His works can be seen in Geneva, but also Los Angeles, and in the near future, Beijing, before Munich for a summer festival, then Massachusetts. But what makes Olafur Eliasson tick? An interview in Geneva with a widely shown artist who nevertheless remains discreet.
In Geneva, Olafur Eliasson took care to greet every journalist present at the launch of his exhibition “Objets définés par l’activité” (Objects defined by activity) designed by Laurence Dreyfus, curator and adviser at the Espace Muraille. This private mansion, founded by collectors Caroline and Éric Freymond, is an ideal setting for Eliasson’s human-sized works. With restrained and sober elegance, the artist goes over the key points in his professional life: the environment, light, his projects, his proclivity for social contact…
What is the subject of your new exhibition “Objects defined by activity” at the Espace Muraille?
This rather intimate exhibition presents sixteen pieces, some of which are preparatory works – and not models – for future, larger projects. Others were produced for the occasion. My works bear ties with science and allude, through geometric systems, light, movement, and flows, to our way of perceiving objects, space, our environment, and others.
Indeed, many pieces play on optical illusions and the way we see things, such as The We Mirror, Colour Window or Day and Night Lava…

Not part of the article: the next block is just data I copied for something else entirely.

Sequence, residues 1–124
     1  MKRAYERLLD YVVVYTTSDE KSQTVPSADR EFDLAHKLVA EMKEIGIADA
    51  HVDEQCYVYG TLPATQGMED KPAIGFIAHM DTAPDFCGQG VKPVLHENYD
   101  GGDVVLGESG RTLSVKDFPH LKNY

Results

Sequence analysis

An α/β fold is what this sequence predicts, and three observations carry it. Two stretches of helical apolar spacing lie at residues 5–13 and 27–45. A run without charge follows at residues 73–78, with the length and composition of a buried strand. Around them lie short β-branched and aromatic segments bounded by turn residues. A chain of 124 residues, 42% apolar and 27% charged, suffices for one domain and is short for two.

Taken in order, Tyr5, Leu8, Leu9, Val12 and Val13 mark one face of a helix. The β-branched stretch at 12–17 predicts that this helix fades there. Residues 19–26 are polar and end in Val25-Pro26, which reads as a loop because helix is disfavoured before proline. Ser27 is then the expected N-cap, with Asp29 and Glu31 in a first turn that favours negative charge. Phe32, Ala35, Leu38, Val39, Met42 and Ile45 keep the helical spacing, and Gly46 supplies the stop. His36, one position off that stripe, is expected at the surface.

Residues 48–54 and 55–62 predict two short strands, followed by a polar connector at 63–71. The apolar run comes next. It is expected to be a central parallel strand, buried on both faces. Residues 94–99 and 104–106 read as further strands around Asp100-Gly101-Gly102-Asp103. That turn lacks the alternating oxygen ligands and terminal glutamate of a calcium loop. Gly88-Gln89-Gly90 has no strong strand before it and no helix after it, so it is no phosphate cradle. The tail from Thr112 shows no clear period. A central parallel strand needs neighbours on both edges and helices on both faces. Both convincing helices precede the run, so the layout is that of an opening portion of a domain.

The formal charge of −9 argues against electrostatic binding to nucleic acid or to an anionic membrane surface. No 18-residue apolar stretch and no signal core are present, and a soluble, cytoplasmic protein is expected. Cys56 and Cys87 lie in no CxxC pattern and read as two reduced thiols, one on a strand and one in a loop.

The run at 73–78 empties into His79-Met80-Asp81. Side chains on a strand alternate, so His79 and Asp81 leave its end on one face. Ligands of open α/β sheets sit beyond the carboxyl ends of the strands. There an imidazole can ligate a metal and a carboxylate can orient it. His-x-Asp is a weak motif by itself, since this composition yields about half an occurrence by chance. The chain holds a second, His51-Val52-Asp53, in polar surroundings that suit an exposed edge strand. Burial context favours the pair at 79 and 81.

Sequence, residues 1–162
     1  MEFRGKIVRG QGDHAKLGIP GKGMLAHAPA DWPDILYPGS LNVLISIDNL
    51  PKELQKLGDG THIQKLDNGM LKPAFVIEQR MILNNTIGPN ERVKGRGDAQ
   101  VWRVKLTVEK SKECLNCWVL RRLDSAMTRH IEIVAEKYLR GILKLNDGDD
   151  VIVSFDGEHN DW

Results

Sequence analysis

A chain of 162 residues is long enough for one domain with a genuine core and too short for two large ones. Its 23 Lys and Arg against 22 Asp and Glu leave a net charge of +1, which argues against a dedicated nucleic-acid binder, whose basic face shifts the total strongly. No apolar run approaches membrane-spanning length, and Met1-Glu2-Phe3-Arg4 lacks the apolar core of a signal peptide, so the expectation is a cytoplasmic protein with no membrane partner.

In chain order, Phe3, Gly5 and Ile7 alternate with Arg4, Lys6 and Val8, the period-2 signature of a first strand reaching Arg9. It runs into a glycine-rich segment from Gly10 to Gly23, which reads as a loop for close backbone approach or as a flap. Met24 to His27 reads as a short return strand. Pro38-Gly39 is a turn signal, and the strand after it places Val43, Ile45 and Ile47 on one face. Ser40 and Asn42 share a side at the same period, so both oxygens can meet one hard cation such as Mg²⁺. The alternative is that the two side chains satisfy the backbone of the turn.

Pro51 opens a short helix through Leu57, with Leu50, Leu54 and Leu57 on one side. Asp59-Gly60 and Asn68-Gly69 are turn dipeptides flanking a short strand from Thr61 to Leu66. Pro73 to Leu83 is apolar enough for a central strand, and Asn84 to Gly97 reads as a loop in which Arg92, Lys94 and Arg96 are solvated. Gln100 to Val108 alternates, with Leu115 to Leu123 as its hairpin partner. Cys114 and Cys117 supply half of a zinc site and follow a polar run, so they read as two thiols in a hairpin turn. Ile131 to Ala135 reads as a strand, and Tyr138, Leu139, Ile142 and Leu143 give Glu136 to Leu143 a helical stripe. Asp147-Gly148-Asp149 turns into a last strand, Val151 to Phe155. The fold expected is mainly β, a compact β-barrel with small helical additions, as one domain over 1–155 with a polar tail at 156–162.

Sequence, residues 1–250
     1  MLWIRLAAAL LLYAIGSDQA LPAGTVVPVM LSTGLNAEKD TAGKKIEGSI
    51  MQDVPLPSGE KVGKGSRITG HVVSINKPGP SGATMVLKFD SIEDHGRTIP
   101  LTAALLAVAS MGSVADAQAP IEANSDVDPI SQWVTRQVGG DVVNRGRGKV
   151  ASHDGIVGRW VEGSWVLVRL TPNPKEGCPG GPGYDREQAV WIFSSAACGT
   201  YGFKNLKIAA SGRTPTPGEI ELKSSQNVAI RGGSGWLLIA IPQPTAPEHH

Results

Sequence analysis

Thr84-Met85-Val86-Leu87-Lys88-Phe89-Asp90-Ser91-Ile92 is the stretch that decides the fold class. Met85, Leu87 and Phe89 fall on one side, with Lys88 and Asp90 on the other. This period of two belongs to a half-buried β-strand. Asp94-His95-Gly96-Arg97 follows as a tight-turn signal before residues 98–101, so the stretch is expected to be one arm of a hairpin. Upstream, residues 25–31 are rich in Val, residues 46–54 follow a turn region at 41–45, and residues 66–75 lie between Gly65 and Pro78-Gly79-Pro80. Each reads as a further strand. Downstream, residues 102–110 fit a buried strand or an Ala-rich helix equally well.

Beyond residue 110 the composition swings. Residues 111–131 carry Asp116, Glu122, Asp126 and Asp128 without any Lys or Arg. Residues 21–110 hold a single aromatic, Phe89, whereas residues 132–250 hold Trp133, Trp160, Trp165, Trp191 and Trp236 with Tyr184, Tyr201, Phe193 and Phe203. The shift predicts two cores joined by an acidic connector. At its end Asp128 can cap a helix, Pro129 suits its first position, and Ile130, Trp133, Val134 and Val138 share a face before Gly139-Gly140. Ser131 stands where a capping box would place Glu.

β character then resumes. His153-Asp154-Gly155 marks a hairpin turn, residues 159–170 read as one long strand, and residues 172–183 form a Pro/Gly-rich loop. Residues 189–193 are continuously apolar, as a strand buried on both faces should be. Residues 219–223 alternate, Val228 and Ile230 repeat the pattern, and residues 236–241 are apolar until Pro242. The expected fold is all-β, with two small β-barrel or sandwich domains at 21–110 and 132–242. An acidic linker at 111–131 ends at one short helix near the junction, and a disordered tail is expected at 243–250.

These works translate our skill for grasping the world, and the way our senses can help us to change it. These are, in some way, “instruments” that exacerbate our way of perceiving the world. Let’s take, for example, The We mirror. This three-dimensional dodecagon plays with its image in the mirror, superposed over its material reality… But does this reflection really express what we see? The way we see things isn’t always the one that we trust. Is it a metaphor? More like a representation of the principle of illusions that interpret the Universe…
In the second room, the three delicate water colours are intriguing… What do they represent?
This almost abstract work was obtained by superimposing chromatic layers. One of the three water colours presents colour washes interrupted by a melting piece of ice. During our trials and adding of layers, either the water embellished the water colour or else, from time to time, it completely destroyed the effects of the pigments on paper. As the fruit of teamwork and time, these works allude to climate imbalance and inspire environmental awareness.
Let’s talk a bit more about this issue: the impact of humans on the planet is a recurring theme in your work. How, generally, does this idea come through?
Through installations that tend to be imposing, stirring reflection on light, space, the environment, organic shapes and elements. In 2014, one wing of the Louisiana Museum of Modern Art, in Humlebæk, near Copenhagen, rallied together to welcome Riverbed, to draw attention to our perception of nature. In 2015, during the climate summit in Paris, Ice Watch – representing a clock face using iceberg fragments from Greenland – was displayed on the Place du Panthéon. In 2016, we occupied the gardens of the Château de Versailles with Waterfall, the same way that in 2008 we set up a gigantic waterfall under Brooklyn Bridge in New York… I generally attempt to raise environmental awareness and turn interest towards the urgent ecological phenomenon that we are witnessing.
You also seem to nurture a special relationship with light, as here with Black Sunglasses or Wavelength Lamp, but also in The Weather Project, your big installation at the Tate Modern in 2004 in London. Where does this inclination come from?